GAM leaders see little to lose by standing their ground. The flag is a hugely emotive symbol, and defying Jakarta is generally a winning stance locally. Some individual members of parliament see it as a way of regaining waning popularity for failing to deliver anything substantive to their constituencies. Also, Partai Aceh took a controversial decision to partner with Gerindra, the party of former army General Prabowo Subianto, for the 2014 election. Leaders like Muzakir Manaf, deputy governor and former commander of GAM’s armed wing, may want to use the flag issue to show they have not compromised their principles by allying with a man whose human rights record is often questioned.

Within Aceh, adoption of the GAM flag has sparked protests from non-Acehnese ethnic groups in the central highlands and south west. The GAM heartland has always been along the east coast; to highlanders like the Gayo, the flag thus represents the domination of the coastal Acehnese at their expense. The issue has revived a dormant campaign for the division of Aceh into three by the creation of two new provinces, Aceh Leuser Antara (ALA) for the central highlands and Aceh Barat Selatan (ABAS) for the south west. If GAM does not back down on the flag, support for that campaign by the intelligence services is likely to rise, and with it, the probability of increased ethnic tensions.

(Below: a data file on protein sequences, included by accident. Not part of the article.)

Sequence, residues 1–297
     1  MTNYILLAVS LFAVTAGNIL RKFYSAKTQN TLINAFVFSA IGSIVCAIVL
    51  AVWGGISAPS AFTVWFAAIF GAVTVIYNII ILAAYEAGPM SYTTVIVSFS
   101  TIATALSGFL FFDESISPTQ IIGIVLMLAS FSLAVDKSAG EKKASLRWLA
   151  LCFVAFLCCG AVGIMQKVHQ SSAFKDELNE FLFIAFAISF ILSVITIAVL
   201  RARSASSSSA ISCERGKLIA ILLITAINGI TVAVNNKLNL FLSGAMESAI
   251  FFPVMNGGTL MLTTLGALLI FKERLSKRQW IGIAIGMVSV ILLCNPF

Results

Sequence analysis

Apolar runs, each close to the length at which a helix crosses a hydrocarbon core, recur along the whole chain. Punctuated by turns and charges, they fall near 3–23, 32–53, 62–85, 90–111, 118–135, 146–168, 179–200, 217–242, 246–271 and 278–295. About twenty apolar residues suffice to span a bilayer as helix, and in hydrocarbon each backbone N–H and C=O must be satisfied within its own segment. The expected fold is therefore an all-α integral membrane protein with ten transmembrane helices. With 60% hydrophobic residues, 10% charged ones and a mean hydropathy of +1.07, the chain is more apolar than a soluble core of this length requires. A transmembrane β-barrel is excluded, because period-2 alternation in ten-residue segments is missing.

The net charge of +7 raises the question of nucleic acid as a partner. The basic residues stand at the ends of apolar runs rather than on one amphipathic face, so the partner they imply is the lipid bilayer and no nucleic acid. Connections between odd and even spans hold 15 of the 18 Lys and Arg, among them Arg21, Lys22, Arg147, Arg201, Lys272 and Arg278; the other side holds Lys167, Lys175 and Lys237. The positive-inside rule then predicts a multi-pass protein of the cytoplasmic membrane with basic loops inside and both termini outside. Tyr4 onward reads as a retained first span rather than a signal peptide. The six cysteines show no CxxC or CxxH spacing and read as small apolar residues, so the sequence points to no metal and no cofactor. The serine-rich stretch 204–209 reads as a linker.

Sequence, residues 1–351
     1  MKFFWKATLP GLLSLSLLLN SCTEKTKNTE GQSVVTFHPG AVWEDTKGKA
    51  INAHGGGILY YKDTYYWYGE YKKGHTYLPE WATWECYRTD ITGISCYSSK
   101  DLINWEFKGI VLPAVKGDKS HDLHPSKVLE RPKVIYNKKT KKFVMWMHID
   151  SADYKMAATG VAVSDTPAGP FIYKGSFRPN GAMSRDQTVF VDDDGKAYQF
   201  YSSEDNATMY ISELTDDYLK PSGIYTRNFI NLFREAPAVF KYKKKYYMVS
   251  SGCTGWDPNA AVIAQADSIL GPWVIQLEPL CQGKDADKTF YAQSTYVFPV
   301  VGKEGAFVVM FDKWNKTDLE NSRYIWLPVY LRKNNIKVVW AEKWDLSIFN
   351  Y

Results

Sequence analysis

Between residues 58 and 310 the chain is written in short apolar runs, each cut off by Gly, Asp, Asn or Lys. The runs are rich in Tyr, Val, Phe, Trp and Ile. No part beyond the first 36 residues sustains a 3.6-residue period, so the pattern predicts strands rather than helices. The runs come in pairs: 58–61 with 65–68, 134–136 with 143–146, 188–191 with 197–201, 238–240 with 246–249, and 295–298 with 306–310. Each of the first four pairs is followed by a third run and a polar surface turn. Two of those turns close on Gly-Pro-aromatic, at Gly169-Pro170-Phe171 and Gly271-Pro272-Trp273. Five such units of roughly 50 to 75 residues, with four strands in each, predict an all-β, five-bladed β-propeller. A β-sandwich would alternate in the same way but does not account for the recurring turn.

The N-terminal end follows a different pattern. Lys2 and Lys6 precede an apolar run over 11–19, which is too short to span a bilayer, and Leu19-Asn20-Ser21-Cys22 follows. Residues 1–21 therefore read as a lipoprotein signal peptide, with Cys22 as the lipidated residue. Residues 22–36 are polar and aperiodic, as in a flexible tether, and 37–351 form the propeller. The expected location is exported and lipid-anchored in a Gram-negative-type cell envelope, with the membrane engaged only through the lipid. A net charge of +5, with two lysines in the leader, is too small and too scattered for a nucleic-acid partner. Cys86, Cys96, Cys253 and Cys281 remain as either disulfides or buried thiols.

The options for breaking the stalemate seem to be as follows: the government concedes; GAM concedes, making slight changes to the flag by adding or removing an element; GAM agrees to limits on how or where the flag can be displayed; or the dispute is taken to the Supreme Court, thereby delaying any resolution.

In the meantime, the power of the GAM machinery in Aceh continues to grow.

Jakarta /Brussels, 7 May 2013